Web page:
The term metrics refers to using a method of measuring something.
For massage therapists, metrics offer a pathway to growing a massage clientele and practice. Various aspects of a massage practice — cancellation rates, customer acquisition cost, cash flow and more — may be measured. This will help you get a better handle on your practice, see where your money is being spent, and figure out how to grow your client base.
If your measurement shows that a lot of clients are cancelling last-minute or are no-shows, for example, then you could consider implementing a cancellation policy to stop losing money with too many unexpected open appointment times.
The term scaling in business means to grow and expand — your clientele, your success and your income.
The Art of Metrics
One of the secrets to scaling a massage therapy private practice is the implementation of specific metrics to measure quality, quantity, efficiency, effectiveness and more — and there is an art to using metrics in order to scale your massage therapy private practice.
In addition, massage therapists need to find ways to optimize the time they spend with clients and the process of scheduling appointments. Technology has become a leading tool in efficiently supporting massage therapists to work smarter — not harder — from an operations perspective. This is an important aspect to consider in ensuring your practice runs smoothly.
Some essential metrics that you need to keep in mind above everything else include: the cancellation rate, customer acquisition cost, customer retention rate, customer satisfaction metrics, marketing referral metrics and cash flow. Understanding how to measure these unique metrics is extremely important if you want your growth strategy to be effective and efficient.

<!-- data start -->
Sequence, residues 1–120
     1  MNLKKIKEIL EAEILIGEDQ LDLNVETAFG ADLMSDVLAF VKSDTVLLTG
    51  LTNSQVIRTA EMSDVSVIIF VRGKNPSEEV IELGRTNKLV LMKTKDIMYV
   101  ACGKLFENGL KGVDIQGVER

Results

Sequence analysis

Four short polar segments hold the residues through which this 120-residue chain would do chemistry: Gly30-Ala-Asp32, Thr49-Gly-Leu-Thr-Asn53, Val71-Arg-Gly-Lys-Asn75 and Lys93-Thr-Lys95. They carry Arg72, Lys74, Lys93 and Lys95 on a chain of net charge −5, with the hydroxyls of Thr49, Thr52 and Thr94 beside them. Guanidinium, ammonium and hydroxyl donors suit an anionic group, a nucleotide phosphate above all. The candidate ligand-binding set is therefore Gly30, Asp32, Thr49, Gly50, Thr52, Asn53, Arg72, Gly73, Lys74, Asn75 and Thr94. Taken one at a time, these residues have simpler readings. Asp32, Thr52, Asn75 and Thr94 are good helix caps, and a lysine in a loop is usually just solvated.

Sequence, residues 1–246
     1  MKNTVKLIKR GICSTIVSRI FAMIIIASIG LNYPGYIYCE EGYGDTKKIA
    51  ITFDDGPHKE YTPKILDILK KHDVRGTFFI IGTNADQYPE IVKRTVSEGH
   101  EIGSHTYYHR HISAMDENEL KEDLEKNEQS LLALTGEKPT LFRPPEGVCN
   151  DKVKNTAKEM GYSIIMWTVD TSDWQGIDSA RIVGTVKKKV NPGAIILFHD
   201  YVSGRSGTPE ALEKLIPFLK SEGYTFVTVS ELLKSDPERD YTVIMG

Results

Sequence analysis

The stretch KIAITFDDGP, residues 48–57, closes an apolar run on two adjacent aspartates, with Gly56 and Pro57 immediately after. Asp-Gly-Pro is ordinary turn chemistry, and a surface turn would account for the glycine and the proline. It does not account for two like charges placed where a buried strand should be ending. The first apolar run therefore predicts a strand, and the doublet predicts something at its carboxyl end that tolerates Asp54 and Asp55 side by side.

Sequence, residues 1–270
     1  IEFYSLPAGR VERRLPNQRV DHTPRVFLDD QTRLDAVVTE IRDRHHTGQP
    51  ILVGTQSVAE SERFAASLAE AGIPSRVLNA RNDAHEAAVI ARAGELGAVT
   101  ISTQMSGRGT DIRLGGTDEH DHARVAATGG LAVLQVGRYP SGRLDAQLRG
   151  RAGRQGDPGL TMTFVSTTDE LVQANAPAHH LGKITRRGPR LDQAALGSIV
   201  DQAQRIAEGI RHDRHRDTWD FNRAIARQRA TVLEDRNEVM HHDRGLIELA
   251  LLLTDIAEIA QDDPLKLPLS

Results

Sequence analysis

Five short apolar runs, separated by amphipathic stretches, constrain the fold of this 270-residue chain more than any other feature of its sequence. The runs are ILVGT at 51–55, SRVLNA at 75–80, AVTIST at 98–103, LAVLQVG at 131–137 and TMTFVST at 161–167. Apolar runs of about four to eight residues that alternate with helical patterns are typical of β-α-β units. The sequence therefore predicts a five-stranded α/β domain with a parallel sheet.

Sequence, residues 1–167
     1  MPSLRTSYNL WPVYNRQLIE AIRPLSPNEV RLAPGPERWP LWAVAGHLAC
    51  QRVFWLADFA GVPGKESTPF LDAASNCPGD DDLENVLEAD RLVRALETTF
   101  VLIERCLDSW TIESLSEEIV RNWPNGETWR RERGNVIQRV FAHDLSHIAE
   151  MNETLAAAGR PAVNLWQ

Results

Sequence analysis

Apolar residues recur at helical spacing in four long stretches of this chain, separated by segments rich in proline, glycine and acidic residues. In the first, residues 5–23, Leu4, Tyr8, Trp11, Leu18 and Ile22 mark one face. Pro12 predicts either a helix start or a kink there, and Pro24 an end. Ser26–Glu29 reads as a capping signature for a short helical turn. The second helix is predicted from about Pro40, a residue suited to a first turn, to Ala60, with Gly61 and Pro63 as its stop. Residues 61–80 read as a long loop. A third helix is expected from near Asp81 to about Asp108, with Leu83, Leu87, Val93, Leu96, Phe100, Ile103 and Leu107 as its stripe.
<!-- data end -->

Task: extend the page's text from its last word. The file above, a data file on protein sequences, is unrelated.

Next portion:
1. Cancellation rate metrics. It’s essential to measure your cancellations. This metric is one of the most important. You want to measure the cancellations based on anyone who cancels an appointment in less than 24 hours. It’s common that massage private practices can have cancellations upwards of 20 percent, which is lost revenue.
Your metrics need to include vacancy rates. The creation of a cancellation policy and charges for those who don’t show up to their appointments are always a good strategy. It’s also helpful to utilize a text reminder service that goes out 48 hours before an appointment.
A cancellation policy may seem harsh, but it’s the best way to ensure that your clients will make their appointments. Another option is to charge a fee only if they don’t reschedule.
2. Customer acquisition cost metrics. This metric is essential because you are measuring the cost for acquiring new clients. You should measure your marketing expenses compared to the number of clients received through that marketing expense to identify your customer acquisition cost metric.